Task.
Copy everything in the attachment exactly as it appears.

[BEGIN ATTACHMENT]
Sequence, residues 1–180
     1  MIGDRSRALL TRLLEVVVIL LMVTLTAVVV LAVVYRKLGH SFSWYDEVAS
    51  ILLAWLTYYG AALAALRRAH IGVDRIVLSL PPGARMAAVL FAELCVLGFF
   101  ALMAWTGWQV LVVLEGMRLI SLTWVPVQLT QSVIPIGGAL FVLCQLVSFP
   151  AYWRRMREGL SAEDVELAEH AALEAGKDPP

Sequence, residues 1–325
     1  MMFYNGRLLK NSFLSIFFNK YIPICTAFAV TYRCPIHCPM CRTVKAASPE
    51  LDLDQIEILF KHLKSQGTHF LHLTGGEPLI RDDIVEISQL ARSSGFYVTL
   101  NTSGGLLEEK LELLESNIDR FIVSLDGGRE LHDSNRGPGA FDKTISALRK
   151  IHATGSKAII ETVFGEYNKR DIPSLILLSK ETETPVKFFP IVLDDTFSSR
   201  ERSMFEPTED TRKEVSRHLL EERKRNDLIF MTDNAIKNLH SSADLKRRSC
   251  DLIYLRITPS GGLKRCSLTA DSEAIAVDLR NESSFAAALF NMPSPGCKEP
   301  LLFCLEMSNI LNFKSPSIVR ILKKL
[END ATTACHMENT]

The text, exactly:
Sequence, residues 1–180
     1  MIGDRSRALL TRLLEVVVIL LMVTLTAVVV LAVVYRKLGH SFSWYDEVAS
    51  ILLAWLTYYG AALAALRRAH IGVDRIVLSL PPGARMAAVL FAELCVLGFF
   101  ALMAWTGWQV LVVLEGMRLI SLTWVPVQLT QSVIPIGGAL FVLCQLVSFP
   151  AYWRRMREGL SAEDVELAEH AALEAGKDPP

Sequence, residues 1–325
     1  MMFYNGRLLK NSFLSIFFNK YIPICTAFAV TYRCPIHCPM CRTVKAASPE
    51  LDLDQIEILF KHLKSQGTHF LHLTGGEPLI RDDIVEISQL ARSSGFYVTL
   101  NTSGGLLEEK LELLESNIDR FIVSLDGGRE LHDSNRGPGA FDKTISALRK
   151  IHATGSKAII ETVFGEYNKR DIPSLILLSK ETETPVKFFP IVLDDTFSSR
   201  ERSMFEPTED TRKEVSRHLL EERKRNDLIF MTDNAIKNLH SSADLKRRSC
   251  DLIYLRITPS GGLKRCSLTA DSEAIAVDLR NESSFAAALF NMPSPGCKEP
   301  LLFCLEMSNI LNFKSPSIVR ILKKL